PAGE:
The democratically elected federal government of the United States imposes a progressive tax on the taxable income of individuals, partnerships, companies, corporations, trusts, decedents' estates, and certain bankruptcy estates. Some state and municipal governments also impose income taxes. The first Federal income tax was imposed (under Article I, section 8,clause 1 of the U.S. Constitution) during the Civil War, then again in the 1890s, and again after the Sixteenth Amendment was ratified in 1913. Current income taxes are imposed under these constitutional provisions and various sections of Subtitle A of the Internal Revenue Code of 1986, as amended, including 26 U.S.C. § 1 (imposing income tax on the taxable income of individuals, estates and trusts)and 26 U.S.C. § 11 (imposing income tax on the taxable income of corporations).
[pic] Income tax basics
While U.S. income tax law is very complex, the underlying idea is relatively easy to understand. Simplifying greatly, gross income is all income from all sources (§ 61) less any exclusions (§ 101 et seq.). An exclusion is something that Congress has effectively said a taxpayer need notinclude in his or her income for tax purposes, such as employer-paid health insurance (§ 106) or interest from tax-exempt bonds (§ 103). Exclusions, often referred to as deductions, are a matter of legislative grace; that is, taxpayers may not exclude, or deduct, from gross income any item which Congress has not specifically allowed.
For individuals, Adjusted Gross Income (AGI) is gross incomeless any above-the-line deductions (§ 62). Above-the-line deductions are listed in § 62 and include trade or business deductions, alimony (§ 215), and moving expenses (§ 217). Taxable income is AGI less (1) itemized deductions or the applicable standard deduction, whichever is greater, and (2) a deduction for any allowable personal exemptions for the taxpayer, the taxpayer's spouse (if filingjointly), and the taxpayer's dependents. (In certain cases involving higher income taxpayers, the allowed personal exemptions may be reduced or even eliminated.)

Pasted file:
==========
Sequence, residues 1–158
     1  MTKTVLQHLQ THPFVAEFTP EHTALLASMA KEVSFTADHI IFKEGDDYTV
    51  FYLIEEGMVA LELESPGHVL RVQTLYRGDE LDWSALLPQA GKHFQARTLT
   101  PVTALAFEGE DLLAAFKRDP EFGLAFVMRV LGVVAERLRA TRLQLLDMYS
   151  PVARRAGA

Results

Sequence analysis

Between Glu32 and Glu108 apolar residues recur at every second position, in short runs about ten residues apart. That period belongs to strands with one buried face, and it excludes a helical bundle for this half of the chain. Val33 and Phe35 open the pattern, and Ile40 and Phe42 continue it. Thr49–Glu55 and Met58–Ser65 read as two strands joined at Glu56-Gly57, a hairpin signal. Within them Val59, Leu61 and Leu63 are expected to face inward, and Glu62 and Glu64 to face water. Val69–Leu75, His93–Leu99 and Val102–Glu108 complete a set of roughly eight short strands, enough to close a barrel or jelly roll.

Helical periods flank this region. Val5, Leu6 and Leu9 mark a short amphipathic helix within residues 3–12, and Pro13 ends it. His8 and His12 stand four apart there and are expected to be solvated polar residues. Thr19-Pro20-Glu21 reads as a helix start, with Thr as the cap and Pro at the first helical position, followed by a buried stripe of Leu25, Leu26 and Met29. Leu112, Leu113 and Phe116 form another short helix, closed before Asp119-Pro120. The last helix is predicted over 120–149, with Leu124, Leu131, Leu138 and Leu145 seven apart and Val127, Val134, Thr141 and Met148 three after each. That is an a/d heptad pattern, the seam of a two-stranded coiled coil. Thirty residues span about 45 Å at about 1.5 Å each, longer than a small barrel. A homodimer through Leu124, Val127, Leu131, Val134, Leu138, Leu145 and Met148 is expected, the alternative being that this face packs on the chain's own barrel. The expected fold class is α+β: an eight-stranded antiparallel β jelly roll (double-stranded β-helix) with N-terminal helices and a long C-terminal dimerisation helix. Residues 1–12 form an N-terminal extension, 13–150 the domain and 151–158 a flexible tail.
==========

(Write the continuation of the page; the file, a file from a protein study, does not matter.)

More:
Non-itemizers take the standard deduction. Itemized deductions include any deduction not listed in § 62 such as charitable contributions (§ 170) and certain medical expenses (§ 213). Taxable income is then multiplied by the appropriate taxrate to arrive at the tax due. Tax credits such as the Earned Income Tax Credit (§ 32) or the Child Tax Credit (§ 24) lower the tax owed on a dollar-for-dollar basis. This means tax credits are more valuable than deductions of the same amount, because deductions are applied before the tax rate, while credits are applied after. For instance, with a 35% tax rate, a deduction of $100 would save only $35of taxes, while a $100 credit would save $100 worth of taxes.
Types of income
For tax purposes, income can be divided in a variety of ways. The first division is between ordinary income and capital gains. Ordinary income includes compensation for personal services such as wages and salaries, business profit, dividends from stock shares, and interest income from invested funds while capitalgain generally comes from the sale of investment property. Congress has typically shown a preference for long-term investment by having a capital gains tax rate lower than the ordinary income rate. However, only long-term capital gains get preferential treatment; short-term capital gains (from property held for one year or less) are taxed at the same rate as ordinary income. Added complications comefrom various distinctions within each category. For instance, qualified dividends, which were previously taxed at ordinary income rates (as non-qualified dividends currently are), can be currently taxed at long-term capital gain rates until 2011 under the Jobs and Growth Tax Relief Reconciliation Act of 2003, and within long-term capital gains, gains on certain real estate, collectibles, and...